Of course God is present everywhere, in every people, and always has been.  When we gather here, in this place, this sanctuary, let us remember that this is not only refuge from the storm – but also conveyance to the new country.  Let us be very intentional about the words and signs and symbols that we use in this place so that we are not simply pointing to the broken and fading realities of the present age, but instead to the in-breaking and glorious realities of the world that is to come, and that is now drawing close in Christ, our King.



Sermon: Sunday, July 8, 2012: “A Game of Thrones; Act 2, Scene 1 — Flesh & Bone”

Texts:  2 Samuel 5:1-5, 9-10 and Psalm 48  •   2 Corinthians 12:2-10  •   Mark 6:1-13

(Preached at Episcopal Church of the Advent, Logan Square, on the annual occasion of our ecumenical summer worship service.)

In the name of Christ, our sovereign.  Amen.

It’s good to be together this morning.  Our congregations have been sharing mission and ministry for decades now, gathering at least twice a year for worship at the peak of summer near Independence Day, then again in late November near Thanksgiving.  Always around these two national holidays.

Ecumenical ministry and worship is something we all pretty much take for granted these days, but that wasn’t always the case.  My mother, who was raised in Boston as an Irish Catholic during the Kennedy years, remembers hearing that the Lutherans were stockpiling bombs in their church basements.  Lutherans were, in many parts of the country, synonymous with Germans, and in the post-WWII-era there was still plenty of suspicion and hostility against Germans floating around.  This is why so many American flags popped up in Lutheran sanctuaries in the 1940s and 50s.

No, these days denominational difference — at least within the mainline Protestant church — is mostly treated as a matter of preference, not of substance.  Decades of full communion agreements between Lutherans, Episcopalians, Presbyterians, Methodists, Congregationalists and others have followed, not coincidentally, the assimilation of many ethnic immigrant communities into the fabric of national life.  So, if for this reason alone, the fact that we gather around the 4th of July and Thanksgiving Day actually follows a certain logic.

As we were planning for this morning’s worship, I shared with Father Peter that St. Luke’s is in the middle of a preaching series this summer and asked if I might continue it here with you today.  The Revised Common Lectionary provides two tracks of readings during the season of ordinary time after Pentecost — the thematic readings and the semi-continuous ones.  The thematic series, which you’ve been following here at Advent, pairs the Old Testament reading with the Gospel reading so that the former intentionally prefigures or reinforces the latter.  The semi-continuous series, which we’ve been following at St. Luke’s, disconnects the Old Testament reading from the assigned Gospel reading.  Instead, each year, it follows one of the major narrative arcs from Hebrew scripture.  This year it traces out the story of the rise and fall of the nation of Israel and the house of David found in 1 & 2 Samuel and 1 & 2 Kings.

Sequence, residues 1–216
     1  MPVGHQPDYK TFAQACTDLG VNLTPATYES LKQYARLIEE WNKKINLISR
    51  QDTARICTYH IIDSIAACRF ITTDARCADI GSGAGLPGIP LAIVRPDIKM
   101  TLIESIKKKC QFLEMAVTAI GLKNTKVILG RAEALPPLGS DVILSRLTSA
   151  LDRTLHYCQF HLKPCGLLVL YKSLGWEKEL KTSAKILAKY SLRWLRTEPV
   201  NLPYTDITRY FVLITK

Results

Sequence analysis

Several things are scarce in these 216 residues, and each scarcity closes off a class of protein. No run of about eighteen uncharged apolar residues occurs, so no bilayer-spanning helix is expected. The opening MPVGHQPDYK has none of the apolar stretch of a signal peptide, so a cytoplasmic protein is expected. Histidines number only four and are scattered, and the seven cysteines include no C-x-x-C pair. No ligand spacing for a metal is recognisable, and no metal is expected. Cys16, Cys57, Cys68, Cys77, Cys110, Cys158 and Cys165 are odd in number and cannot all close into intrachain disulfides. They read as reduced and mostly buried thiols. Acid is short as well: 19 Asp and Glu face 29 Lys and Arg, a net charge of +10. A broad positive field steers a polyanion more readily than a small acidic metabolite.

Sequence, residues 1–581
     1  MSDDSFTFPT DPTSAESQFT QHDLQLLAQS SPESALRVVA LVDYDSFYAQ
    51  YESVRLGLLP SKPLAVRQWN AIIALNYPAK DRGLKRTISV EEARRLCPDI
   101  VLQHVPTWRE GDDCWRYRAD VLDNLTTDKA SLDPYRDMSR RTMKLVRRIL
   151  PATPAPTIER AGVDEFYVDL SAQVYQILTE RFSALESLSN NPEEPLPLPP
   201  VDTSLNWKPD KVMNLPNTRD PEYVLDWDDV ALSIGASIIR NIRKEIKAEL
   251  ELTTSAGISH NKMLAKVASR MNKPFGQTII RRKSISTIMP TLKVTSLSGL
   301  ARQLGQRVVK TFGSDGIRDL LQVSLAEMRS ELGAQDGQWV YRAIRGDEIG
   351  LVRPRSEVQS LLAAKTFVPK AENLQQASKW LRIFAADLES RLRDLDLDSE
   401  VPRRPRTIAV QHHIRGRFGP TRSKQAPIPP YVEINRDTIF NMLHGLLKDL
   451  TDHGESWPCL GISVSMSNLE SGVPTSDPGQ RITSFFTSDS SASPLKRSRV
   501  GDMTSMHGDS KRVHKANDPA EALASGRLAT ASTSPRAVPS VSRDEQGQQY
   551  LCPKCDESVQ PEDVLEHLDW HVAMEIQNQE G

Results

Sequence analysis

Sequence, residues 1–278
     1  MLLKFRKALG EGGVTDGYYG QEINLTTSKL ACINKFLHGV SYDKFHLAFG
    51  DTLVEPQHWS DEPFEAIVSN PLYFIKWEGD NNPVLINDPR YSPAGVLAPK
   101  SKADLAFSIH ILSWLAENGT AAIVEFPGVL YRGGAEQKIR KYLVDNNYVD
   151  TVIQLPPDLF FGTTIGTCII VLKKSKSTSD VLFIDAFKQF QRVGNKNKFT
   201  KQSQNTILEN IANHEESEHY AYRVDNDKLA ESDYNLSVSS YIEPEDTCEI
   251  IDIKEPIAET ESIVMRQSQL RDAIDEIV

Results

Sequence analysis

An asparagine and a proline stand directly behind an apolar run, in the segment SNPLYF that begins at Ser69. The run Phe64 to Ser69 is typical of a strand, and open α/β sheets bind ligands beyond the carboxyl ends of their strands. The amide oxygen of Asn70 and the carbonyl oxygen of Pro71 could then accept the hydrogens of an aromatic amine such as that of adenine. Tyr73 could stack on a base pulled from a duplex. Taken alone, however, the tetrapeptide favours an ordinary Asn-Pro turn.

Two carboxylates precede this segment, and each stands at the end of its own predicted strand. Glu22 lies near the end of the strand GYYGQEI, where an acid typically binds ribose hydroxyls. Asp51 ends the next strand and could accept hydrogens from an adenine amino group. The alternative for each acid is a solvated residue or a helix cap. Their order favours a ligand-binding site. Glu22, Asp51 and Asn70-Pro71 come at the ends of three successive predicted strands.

It’s a story in three acts, and we’ve just come to the beginning of Act Two.  In the previous act, the people of God petitioned the prophet Samuel for a king.  God warns that this desire to be ruled will lead to all kinds of suffering, but relents and gives the people what they ask for.  Saul is anointed king over Israel, and things quickly fall apart.  The boy shepherd David is introduced as an unlikely underdog of a political opponent — yet, as the one chosen by God, his star rises without fail as Saul’s diminishes.  At the close of Act One, Saul and his son Jonathan lie dead on the battlefield and David is poised to become king.

During last week’s worship, St. Luke’s heard the song of lament David sang for his fallen king and his beloved Jonathan.  To move from that text to the one for this morning, in which Israel joins Judah in making David their king, is sort of misleading.  It’s a kind of amnesia, glossing over the painful past to lay the groundwork for a unified future.  You see, David didn’t immediately become king over all Israel and Judah immediately after Saul’s death.  For seven years Israel and Judah were locked in civil war, a battle between the houses of David and Saul.  While the southern tribes of Judah had moved immediately to make David their king, the northern tribes of Israel were ruled by Saul’s military commander, Abner, who used Saul’s weak-willed son, Ishbaal, as a puppet to take control of the north.

As we enter into the story this morning the tribes of Judah and Israel are weary of war and long to be united under a strong king.  They are ready to forget the past and begin building a future together.  The leaders of the tribes of Israel come to David in Hebron in the south, where he has been ruling until this point, and they appeal to him on the basis of their common ancestry.  “Look,” they say, “we are your bone and flesh.”

Don’t you wish we could remember that before we launch into our wars, civil and uncivil?  Whether we are at war other nations, are caught up in religious or corporate power struggles, or are simply fighting with our neighbors — even our friends and families — a time will come when the battle is over and we will be left to make peace and forge a new future, when we will have to look in the eyes of our former enemies and say, “look, we are your bone and flesh.”  Wouldn’t it go so much better for us all if we could remember that at the outset?

Within the family of Christianity, the ecumenical movement is a funny thing.  Again, we in the mainline Protestant church basically take it for granted that the schisms that ripped Europe apart in the 16th century are essentially resolved.  We forget that Luther was branded a heretic and that, for a time while he fled from Rome with a death sentence on his head, it was illegal for anyone in Germany to provide him with food or shelter.  Fifty years later, Pope Pius V declared Queen Elizabeth a heretic and “released all of her subjects from any allegiance to her and excommunicated any who obeyed her orders.”